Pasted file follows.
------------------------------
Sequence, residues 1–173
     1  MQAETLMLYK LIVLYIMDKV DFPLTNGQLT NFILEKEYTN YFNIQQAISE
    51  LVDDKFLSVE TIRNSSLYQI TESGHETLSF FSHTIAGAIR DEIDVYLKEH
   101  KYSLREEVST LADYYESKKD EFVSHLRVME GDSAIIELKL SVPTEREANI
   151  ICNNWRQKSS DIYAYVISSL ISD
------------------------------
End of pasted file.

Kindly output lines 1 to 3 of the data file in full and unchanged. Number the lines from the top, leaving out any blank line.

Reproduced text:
Sequence, residues 1–173
     1  MQAETLMLYK LIVLYIMDKV DFPLTNGQLT NFILEKEYTN YFNIQQAISE
    51  LVDDKFLSVE TIRNSSLYQI TESGHETLSF FSHTIAGAIR DEIDVYLKEH